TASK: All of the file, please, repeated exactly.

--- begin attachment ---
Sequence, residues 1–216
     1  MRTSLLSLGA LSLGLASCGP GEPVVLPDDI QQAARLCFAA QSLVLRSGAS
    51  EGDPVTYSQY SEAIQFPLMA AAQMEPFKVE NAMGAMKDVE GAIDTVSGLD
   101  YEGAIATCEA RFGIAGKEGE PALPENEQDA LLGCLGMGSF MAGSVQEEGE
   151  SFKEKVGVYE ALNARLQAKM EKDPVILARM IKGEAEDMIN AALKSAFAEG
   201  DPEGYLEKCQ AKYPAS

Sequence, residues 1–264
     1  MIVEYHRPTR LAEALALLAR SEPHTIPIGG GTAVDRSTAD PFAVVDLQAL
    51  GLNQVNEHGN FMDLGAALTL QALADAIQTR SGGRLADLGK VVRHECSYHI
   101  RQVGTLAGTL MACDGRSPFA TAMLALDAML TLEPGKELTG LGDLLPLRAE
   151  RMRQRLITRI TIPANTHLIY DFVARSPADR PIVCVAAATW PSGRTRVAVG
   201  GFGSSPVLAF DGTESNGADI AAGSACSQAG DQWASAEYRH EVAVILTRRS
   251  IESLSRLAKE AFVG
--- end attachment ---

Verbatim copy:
Sequence, residues 1–216
     1  MRTSLLSLGA LSLGLASCGP GEPVVLPDDI QQAARLCFAA QSLVLRSGAS
    51  EGDPVTYSQY SEAIQFPLMA AAQMEPFKVE NAMGAMKDVE GAIDTVSGLD
   101  YEGAIATCEA RFGIAGKEGE PALPENEQDA LLGCLGMGSF MAGSVQEEGE
   151  SFKEKVGVYE ALNARLQAKM EKDPVILARM IKGEAEDMIN AALKSAFAEG
   201  DPEGYLEKCQ AKYPAS

Sequence, residues 1–264
     1  MIVEYHRPTR LAEALALLAR SEPHTIPIGG GTAVDRSTAD PFAVVDLQAL
    51  GLNQVNEHGN FMDLGAALTL QALADAIQTR SGGRLADLGK VVRHECSYHI
   101  RQVGTLAGTL MACDGRSPFA TAMLALDAML TLEPGKELTG LGDLLPLRAE
   151  RMRQRLITRI TIPANTHLIY DFVARSPADR PIVCVAAATW PSGRTRVAVG
   201  GFGSSPVLAF DGTESNGADI AAGSACSQAG DQWASAEYRH EVAVILTRRS
   251  IESLSRLAKE AFVG